Down, But Certainly Not Out
Down, But Certainly Not Out
Newspaper headlines suggest globalisation is in trouble if not nearing its end, as trade and global connectivity face strong headwinds in the developed west. But something very different seems to be happening among Cold War survivors, who for long had been left out of the global web. Vietnam, the country that was once a synonym for war and isolated for decades, has enthusiastically embraced the latest US-led trade pact, the Trans-Pacific Partnership. Cuba, another revolutionary country long isolated because of the American trade embargo, is the newest aspirant at the door of globalisation. The symbolic key to the door was handed over by President Barack Obama on his icebreaking visit to Havana.
Though the 55-year-old trade embargo against Cuba is still in place (only the Congress can remove it), Obama has used his remaining months in power to exercise executive authority to crack open the door — easing travels, communications, financial transactions and investments. He hopes that over time pressure from Cubans in the US and the enthusiasm of a long deprived nation could swell the trickle that began this month into a stream.
Cuban eagerness to join the world can be seen in Havana street corners where the government has set up Wi-Fi hotspots. (Only 4 per cent Cuban household have access to the Internet and for the city of two million there are 25 such hotspots.) Hundreds gather with their smartphones and tablets to email relatives, access Facebook and call relatives abroad. They use government issued data cards paying $2 for an hour of talk time. Given that an hour worth of connectivity costs a tenth of their average monthly salary, the crowds gathering at hotspots are an indication of the thirst for connection.
The government plans to set up more hotspots all over Cuba to meet the surging demand. For a country with near universal literacy and high levels of college educated citizens with very limited employment opportunities Internet is seen as the most important gateway to success. The socialist system’s accomplishment of free education and healthcare as well as its failure to generate appropriate jobs can be seen in every sphere of life. I encountered a trained architect working as a hotel boy and in one local restaurant I found the chef was a trained nuclear engineer!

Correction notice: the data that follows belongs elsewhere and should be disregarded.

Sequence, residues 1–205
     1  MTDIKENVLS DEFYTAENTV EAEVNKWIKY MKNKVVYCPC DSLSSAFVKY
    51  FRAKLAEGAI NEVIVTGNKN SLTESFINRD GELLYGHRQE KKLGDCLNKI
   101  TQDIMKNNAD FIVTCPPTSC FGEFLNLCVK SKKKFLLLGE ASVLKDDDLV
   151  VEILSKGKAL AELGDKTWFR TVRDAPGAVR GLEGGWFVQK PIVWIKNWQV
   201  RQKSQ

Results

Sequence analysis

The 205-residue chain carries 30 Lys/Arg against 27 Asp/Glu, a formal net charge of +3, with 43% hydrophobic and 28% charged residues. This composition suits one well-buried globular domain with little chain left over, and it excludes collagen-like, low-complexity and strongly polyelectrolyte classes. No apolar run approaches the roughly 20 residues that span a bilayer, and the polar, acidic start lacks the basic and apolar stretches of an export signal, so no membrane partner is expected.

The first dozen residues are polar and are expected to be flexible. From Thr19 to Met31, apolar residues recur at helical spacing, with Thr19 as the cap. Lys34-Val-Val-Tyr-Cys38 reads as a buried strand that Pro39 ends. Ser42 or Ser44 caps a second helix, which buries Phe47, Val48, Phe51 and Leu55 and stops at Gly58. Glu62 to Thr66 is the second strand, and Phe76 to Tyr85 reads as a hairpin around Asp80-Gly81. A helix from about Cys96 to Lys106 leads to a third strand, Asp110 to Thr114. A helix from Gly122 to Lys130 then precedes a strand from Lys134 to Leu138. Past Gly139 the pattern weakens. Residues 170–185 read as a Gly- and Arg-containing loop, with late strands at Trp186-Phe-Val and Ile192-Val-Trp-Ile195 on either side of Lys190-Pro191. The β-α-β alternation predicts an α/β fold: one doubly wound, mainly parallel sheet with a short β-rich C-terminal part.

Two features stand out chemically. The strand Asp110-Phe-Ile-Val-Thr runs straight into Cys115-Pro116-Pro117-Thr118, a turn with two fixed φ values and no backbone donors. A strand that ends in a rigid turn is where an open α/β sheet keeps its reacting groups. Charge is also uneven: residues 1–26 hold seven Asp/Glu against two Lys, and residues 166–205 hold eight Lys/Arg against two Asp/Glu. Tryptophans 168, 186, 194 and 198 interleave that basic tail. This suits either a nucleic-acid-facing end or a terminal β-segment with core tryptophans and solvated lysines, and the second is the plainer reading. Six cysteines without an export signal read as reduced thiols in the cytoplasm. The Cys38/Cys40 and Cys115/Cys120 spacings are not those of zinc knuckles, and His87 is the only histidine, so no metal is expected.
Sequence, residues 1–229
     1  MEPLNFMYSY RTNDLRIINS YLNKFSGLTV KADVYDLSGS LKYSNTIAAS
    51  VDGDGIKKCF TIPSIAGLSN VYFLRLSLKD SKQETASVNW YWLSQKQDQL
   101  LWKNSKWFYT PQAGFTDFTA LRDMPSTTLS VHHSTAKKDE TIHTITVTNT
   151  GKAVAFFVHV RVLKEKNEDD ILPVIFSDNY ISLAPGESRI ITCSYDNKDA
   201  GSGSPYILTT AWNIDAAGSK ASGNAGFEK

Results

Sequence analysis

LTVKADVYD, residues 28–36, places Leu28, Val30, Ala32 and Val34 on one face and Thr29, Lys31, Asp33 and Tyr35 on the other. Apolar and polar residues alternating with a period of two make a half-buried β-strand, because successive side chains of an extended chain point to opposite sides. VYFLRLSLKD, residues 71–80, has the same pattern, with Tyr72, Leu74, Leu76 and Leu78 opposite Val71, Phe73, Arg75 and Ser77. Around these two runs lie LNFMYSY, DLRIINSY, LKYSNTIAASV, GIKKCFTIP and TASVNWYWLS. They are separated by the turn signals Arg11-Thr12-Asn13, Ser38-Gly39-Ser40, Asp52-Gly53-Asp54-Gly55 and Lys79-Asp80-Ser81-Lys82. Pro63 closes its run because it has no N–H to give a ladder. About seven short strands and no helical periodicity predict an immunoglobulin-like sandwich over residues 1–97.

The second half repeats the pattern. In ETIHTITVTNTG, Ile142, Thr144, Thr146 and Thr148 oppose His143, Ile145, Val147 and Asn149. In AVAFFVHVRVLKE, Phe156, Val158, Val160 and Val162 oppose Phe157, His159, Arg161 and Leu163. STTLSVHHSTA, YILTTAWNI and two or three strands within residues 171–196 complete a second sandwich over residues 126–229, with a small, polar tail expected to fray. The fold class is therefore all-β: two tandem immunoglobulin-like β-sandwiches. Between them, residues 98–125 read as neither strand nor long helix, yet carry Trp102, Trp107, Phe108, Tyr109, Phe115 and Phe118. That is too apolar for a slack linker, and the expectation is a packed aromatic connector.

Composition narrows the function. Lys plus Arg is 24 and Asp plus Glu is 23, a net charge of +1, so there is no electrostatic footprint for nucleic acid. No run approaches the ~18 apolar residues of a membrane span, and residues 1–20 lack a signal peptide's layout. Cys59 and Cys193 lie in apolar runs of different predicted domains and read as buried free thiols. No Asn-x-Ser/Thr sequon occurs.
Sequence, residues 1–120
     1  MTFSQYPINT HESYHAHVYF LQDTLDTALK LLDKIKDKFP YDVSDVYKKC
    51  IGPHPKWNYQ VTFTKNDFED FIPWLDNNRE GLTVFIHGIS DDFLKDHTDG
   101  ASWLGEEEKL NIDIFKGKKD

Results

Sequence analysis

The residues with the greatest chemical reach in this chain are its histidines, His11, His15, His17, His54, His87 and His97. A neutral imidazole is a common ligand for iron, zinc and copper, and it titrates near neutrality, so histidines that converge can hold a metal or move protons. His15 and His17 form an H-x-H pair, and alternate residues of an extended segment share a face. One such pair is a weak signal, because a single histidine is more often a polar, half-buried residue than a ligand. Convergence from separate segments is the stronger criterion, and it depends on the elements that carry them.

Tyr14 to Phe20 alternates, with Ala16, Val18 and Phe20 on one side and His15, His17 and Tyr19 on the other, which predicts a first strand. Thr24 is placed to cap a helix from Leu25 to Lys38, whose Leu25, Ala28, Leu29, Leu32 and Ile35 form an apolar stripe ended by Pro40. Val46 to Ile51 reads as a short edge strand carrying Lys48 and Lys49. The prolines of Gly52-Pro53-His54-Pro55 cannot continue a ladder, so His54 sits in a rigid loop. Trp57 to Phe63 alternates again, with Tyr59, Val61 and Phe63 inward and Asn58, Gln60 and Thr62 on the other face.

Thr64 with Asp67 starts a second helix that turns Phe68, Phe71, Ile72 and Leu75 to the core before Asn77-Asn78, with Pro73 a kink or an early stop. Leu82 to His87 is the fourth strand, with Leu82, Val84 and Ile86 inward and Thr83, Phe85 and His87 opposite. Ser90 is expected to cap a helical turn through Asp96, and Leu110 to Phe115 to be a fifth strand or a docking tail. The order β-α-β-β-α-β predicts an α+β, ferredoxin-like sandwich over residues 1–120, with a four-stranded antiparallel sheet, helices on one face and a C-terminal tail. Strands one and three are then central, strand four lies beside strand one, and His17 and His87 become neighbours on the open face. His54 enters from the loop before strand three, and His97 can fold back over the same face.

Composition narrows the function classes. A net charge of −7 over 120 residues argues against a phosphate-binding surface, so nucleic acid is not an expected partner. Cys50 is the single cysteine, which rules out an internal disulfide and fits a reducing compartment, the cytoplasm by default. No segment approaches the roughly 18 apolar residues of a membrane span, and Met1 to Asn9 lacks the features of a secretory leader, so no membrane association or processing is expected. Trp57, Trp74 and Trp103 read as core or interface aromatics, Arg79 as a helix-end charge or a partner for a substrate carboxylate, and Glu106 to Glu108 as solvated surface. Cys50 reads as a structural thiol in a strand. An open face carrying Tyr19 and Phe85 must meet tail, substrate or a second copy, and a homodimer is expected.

In preparation for the normalisation of relations the US has slowly lifted the restrictions on US citizens and residents travelling to Cuba, first allowing group travel for people-to-people contact and more recently individual travel. Later this year, US airlines will start flying 110 flights a day to Cuba bringing in hundreds of travelers in addition to cruise liners disgorging thousands. In view of the limited capacity of hotels in the country that once used to be the gambling and entertainment capital of America’s rich, the government has eased the setting up of B&B by families. All over central Havana and other major cities B&B symbols proliferate in rich and not-so-well-off neighbourhoods.
The more enterprising citizens have applied Cuban versions of jugaad, a work-around, to set up Airbnb with the help of relatives and friends abroad. One taxi driver remarked that there are no car engineers in Havana but there are magicians who have maintained 50-year-old American classic cars as Havana’s taxi fleet. The latest US relaxation allowing Cubans to hold dollar accounts in the US will help unleash their entrepreneurial spirit.
Cubans whose national sport, like in the US, is baseball are excited to host a game against an American team on the occasion of Obama’s visit, which also coincided with a Rolling Stones concert. The cultural openings and Wi-Fi hotspots could mark the beginning of Cuba joining globalisation.
Nayan Chanda is the author of Bound Together: How Traders, Preachers, Adventurers and Warriors Shaped Globalization and is consulting editor of YaleGlobal Online, published by the MacMillan Center, Yale University.